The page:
‘The Bluest Eye’ challenges society’s views of perfection

Written By Emily Bennett

photo courtesy of Pittsburgh Playhouse
Aenya Ulke (Darlene), Perris Drew (Cholly Breedlove), share a moment onstage during the production of “The Bluest Eye” at Point Park University’s Pittsburgh Playhouse in the Rauh Theatre.


The coming-of-age drama “The Bluest Eye,” which runs Feb. 25-28 and Mar. 10-13 in the Rauh Theatre at the Pittsburgh Playhouse in Oakland, compels audiences to reassess their perceptions of beauty and justice in modern America.

Teeming with raw social commentary, the drama is based on the book by Toni Morrison and directed by the founder of Theater Lumina, Monica Payne. It addresses the issues and difficulties surrounding race and self-worth that remain present in society today. 

The production, which takes place in post-depression Lorain, Ohio follows the story of the young and unendingly sad Pecola, played by junior acting major Toree Alexandre, who longs for the blue eyes and blonde hair of a white girl. The show allows audiences to have a glimpse at the world through Pecola’s perspective and experience her personal journey in an attempt to relate to the human vulnerabilities we all share. 

“I love the eloquence and poetic nature of Toni Morrison’s words,” Alexandre said in a phone interview Sunday. “It is a stark example of the ramifications of white oppression. Pecola’s desperate desire to have the blue eyes of a white person…it’s such a tragic story. Eventually, Pecola’s journey through puberty, neglect, bullying and rape force her to create her own alternate reality where she gets those blue eyes she longed for.” 

Audiences follow Pecola as she ventures through poverty-stricken Ohio alone, save for two classmates who she finds refuge in when her abusive father sets their home on fire during a drunken rampage. These two classmates and sisters, played by Point Park students Kendall Claxton and Saige Smith, find Pecola strange but misunderstood. Together, the three girls bond over penny candy and jump rope, a shared love and hatred for Shirley Temple and staying out of trouble to keep the sisters’ strict yet adoring mother content. 

Mama, played by sophomore theater major Aniyah Thomas, is characterized by her sweetness and unbending, strong-willed nature.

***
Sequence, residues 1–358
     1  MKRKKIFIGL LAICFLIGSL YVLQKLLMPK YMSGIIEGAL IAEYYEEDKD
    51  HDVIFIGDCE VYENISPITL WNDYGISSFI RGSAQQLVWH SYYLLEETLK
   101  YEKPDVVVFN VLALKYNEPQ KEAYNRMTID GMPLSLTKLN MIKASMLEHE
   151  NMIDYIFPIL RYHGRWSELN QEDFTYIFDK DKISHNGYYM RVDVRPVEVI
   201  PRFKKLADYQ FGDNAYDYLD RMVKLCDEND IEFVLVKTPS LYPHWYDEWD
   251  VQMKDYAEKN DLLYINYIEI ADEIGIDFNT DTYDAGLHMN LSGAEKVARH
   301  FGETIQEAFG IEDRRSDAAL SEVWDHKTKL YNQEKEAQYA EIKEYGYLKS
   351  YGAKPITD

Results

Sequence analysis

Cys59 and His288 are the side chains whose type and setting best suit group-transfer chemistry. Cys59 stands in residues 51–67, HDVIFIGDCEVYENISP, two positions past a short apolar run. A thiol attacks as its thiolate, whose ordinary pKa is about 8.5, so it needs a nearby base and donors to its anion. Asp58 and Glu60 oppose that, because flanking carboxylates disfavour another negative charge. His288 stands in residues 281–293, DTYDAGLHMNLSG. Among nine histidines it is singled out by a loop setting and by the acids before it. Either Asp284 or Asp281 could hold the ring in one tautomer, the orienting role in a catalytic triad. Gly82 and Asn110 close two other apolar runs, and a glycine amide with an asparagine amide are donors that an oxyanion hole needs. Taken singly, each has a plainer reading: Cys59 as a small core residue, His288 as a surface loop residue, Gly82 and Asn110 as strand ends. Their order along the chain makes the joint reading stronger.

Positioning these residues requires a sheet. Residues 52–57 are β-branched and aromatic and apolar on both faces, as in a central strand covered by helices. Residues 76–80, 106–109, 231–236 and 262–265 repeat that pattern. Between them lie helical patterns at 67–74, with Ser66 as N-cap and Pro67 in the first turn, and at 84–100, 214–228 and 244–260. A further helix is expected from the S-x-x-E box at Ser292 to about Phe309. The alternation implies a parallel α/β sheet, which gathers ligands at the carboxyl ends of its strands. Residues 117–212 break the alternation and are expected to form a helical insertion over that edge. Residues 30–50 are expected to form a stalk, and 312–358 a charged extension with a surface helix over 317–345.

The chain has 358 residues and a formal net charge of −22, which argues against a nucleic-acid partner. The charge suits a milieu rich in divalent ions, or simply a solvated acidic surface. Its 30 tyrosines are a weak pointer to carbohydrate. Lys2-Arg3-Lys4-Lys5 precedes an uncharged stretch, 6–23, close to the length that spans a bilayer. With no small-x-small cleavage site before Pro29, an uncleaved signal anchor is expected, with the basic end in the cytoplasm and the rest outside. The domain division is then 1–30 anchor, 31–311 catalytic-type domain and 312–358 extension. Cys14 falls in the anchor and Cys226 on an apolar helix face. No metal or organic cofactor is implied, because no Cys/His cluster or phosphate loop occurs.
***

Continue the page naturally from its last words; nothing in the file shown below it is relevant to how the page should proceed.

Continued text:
“She’s a stern character, but she has a lot of love at her core,” Thomas said in a phone interview Thursday. “She wants the best for Claudia and Freida [Claxton and Smith], even though she whips them and even though she’s very particular about how she wants things done. Underneath all of those stern, hard words lies pure love.” 

Thomas said playing a character that was so different from herself for her first production at Point Park presented challenges.

“Mama is definitely a challenge for me. She’s very different from me. She’s very strong and she knows her place in the world,” Thomas said. “I feel like Mama has a lot of things figured out. It’s interesting to come into this character and become her. It’s making me a stronger and more grounded person, because it’s showing how to become someone like that.”

Aside from what the main characters bring to the stage, an additional aspect of the production is the a cappella chorus. Junior BFA acting major Atiauna Grant gives her debut performance in the role listed in the playbook simply as “Music.”

“I have always looked to music when I don’t know what else to do,” Grant said in an email interview Saturday. “In times of sadness or joy, I find that there is always a song. This show really takes you on an emotional journey and I wanted to do the same thing with the music. That’s what makes the story so beautiful, having these sounds that reflect the words being said.”

Carol Schidler, a Pittsburgh native, subscribes to both Playhouse series and saw the show on opening night. 

“I loved the singing. I wanted to get up and sing with them,” Schidler said at the Playhouse. “I thought it was superb and the story was very good. I like Toni Morrison anything.”

This production, among other themes, is about breaking the boundaries of what beauty is supposed to look like in America – not just relative to the 1940s, but also to the present. 

“This is the story of what happens when we turn a blind eye – when we allow a child to be consumed by the world around them,” Grant said. “There are so many Pecolas in the world and we have to tell their story. We have to get young girls to see that blonde hair and blue eyes are not the only way to be beautiful. When we tell this story, we are showing them that glowing black skin and big brown eyes are nothing to be ashamed of.” 

“I love the challenge that The Bluest Eye brings; it’s a story that needs to be shared,” Thomas said. “It’s the story of America. It’s our history. Sharing it will bring healing to people and will bring awareness to things that are still going on at this time.” 

COPA students that were cast in the production of “The Bluest Eye” underwent a three-part audition process in order to become part of the production. 

“There aren’t a lot of black students at Point Park University or in COPA, and the audition process was very competitive, because most of the African American actors are excellent,” Thomas said. “It was a very long process with callbacks.” 

Tickets are free to students at the box office for the show with a valid Point Park ID.